TMGByPass

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Work In Progress:

On our campus, we have a Microsoft Threat Management Gateway (TMG, the new ISA Server, iirc) that is used for single-sign on for non-domain computers. Basically in DNS, it points to the TMG server for our different services. For domain computers, this isn't needed, so the (*nix) /etc/hosts file gets modified to point directly to the services server (i.e. the sharepoint web cluster instead of the TMG address). The solution I've come up with seems to work fine moving from any connection, to any connection, include VPN. The only known issue at this time is when disconnecting from the VPN, it doesn't retrigger and pull the entries from the hosts file. I think it does trigger, but the VPN hasn't disconnected by the time the script runs, so when it pings, it succeeds. I probably just need to add a timeout in there, but I haven't tried it yet.

Oh, and there is basic logging to /var/log/tmgbypass

LaunchD gets put in /Library/LaunchDaemons

<?xml version="1.0" encoding="UTF-8"?>
<!DOCTYPE plist PUBLIC "-//Apple//DTD PLIST 1.0//EN" "http://www.apple.com/DTDs/PropertyList-1.0.dtd">
<plist version="1.0">
<dict>
	<key>Label</key>
	<string>edu.pct.tmgbypass</string>
	<key>ProgramArguments</key>
	<array>
		<string>/usr/local/bin/tmgbypass.sh</string>
	</array>
	<key>RunAtLoad</key>
	<true/>
	<key>WatchPaths</key>
	<array>
		<string>/Library/Preferences/SystemConfiguration/com.apple.smb.server.plist</string>
	</array>
</dict>
</plist>

The LaunchD monitors the SMB Server, as I found it likes to modify that between .local, .domain.com, etc.

Wrapper Script goes in /usr/local/bin:

#!/bin/sh
# If we're off network presult is 0
PRESULT=`ping -c1 -i1 internalserver.pct.edu 2>/dev/null | grep -c "1 packets received"`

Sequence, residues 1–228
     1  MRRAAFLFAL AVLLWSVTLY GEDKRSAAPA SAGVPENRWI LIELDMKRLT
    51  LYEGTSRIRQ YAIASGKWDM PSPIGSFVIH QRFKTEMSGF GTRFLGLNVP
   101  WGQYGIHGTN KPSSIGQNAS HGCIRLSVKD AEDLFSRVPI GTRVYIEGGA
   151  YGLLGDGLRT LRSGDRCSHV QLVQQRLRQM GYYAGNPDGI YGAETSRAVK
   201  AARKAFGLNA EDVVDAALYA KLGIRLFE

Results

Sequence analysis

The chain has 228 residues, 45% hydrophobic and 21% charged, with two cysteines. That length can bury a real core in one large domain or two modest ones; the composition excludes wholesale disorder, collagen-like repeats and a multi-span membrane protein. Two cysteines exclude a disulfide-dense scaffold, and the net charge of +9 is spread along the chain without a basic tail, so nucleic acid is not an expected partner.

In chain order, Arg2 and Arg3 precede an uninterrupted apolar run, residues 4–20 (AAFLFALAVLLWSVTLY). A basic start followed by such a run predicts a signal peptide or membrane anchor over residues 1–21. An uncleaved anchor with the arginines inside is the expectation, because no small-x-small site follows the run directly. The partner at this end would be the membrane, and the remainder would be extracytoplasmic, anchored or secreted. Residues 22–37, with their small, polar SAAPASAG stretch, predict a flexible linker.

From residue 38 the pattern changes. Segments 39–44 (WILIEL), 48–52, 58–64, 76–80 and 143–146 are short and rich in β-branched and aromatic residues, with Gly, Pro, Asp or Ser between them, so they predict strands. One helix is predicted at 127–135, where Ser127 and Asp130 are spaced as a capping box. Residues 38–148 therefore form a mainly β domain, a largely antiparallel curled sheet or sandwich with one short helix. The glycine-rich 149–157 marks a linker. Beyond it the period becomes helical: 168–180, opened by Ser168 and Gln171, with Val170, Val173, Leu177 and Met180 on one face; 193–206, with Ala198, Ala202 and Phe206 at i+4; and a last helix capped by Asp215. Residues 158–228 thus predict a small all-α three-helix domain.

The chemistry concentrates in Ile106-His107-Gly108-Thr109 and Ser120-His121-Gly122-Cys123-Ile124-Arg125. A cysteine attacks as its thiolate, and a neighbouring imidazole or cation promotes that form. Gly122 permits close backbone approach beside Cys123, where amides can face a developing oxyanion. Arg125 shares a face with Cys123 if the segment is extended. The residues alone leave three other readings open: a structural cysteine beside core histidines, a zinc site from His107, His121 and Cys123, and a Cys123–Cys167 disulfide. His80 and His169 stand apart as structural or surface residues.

if [ ${PRESULT} -eq 0 ]; then {
	# If we're off network, check to see if we have on-network entries
	if [ `grep -c "#pct" /etc/hosts` > 0 ]; then
		echo "Removing Entries" >> /var/log/tmgbypass
		# Remove on-network entries when off-network
		#echo "Remove PCT Entries"
		sed /#pct/d /etc/hosts > /etc/hosts.new
		rm /etc/hosts
		mv /etc/hosts.new /etc/hosts
		chmod 644 /etc/hosts
	fi
	# Exit, as nothing more to do
	echo "Nothing to do" >> /var/log/tmgbypass
	exit
} else {
	# PRESULT is 1, meaning we're on network
	# Check to see if the entries exist, if they don't, then run commands
	if [  `grep -c "#pct" /etc/hosts` -eq 0  ]; then
		# sed 's/$/ #pct/' hosts.pct # Saving for future use
		echo "Adding Entries" >> /var/log/tmgbypass
		cat /etc/hosts.pct >> /etc/hosts
	else
		echo "Entries Exist" >> /var/log/tmgbypass
	fi
}
fi

You're going to want to change the address thats used to ping to something thats only available internally on your network.

10.133.1.1	server1.pct.edu server1 #pct
10.133.1.2	server2.pct.edu server2 #pct
10.133.1.3	server3.pct.edu server3 #pct

The key to all of this, is that #pct on the end of the hosts file. If you look through the script, it does a match on that, and uses that match to remove the entires. You can change that to be whatever you want, but make sure to change all instances of it in the wrapper script, and the updated hosts file.